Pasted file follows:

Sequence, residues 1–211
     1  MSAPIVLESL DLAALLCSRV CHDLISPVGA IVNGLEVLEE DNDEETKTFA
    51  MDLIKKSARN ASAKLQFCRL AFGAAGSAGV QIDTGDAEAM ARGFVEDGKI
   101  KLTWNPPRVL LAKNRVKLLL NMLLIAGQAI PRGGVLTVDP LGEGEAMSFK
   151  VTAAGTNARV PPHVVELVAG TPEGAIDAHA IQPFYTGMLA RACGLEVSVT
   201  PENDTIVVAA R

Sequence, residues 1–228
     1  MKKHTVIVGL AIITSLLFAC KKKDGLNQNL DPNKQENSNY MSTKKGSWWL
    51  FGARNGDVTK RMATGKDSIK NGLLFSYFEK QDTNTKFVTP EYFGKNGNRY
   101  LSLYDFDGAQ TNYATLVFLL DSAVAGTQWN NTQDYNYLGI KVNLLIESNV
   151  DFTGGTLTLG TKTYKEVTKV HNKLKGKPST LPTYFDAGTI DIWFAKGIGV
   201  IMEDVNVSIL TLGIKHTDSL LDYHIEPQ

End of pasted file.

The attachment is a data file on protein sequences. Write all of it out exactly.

Sequence, residues 1–211
     1  MSAPIVLESL DLAALLCSRV CHDLISPVGA IVNGLEVLEE DNDEETKTFA
    51  MDLIKKSARN ASAKLQFCRL AFGAAGSAGV QIDTGDAEAM ARGFVEDGKI
   101  KLTWNPPRVL LAKNRVKLLL NMLLIAGQAI PRGGVLTVDP LGEGEAMSFK
   151  VTAAGTNARV PPHVVELVAG TPEGAIDAHA IQPFYTGMLA RACGLEVSVT
   201  PENDTIVVAA R

Sequence, residues 1–228
     1  MKKHTVIVGL AIITSLLFAC KKKDGLNQNL DPNKQENSNY MSTKKGSWWL
    51  FGARNGDVTK RMATGKDSIK NGLLFSYFEK QDTNTKFVTP EYFGKNGNRY
   101  LSLYDFDGAQ TNYATLVFLL DSAVAGTQWN NTQDYNYLGI KVNLLIESNV
   151  DFTGGTLTLG TKTYKEVTKV HNKLKGKPST LPTYFDAGTI DIWFAKGIGV
   201  IMEDVNVSIL TLGIKHTDSL LDYHIEPQ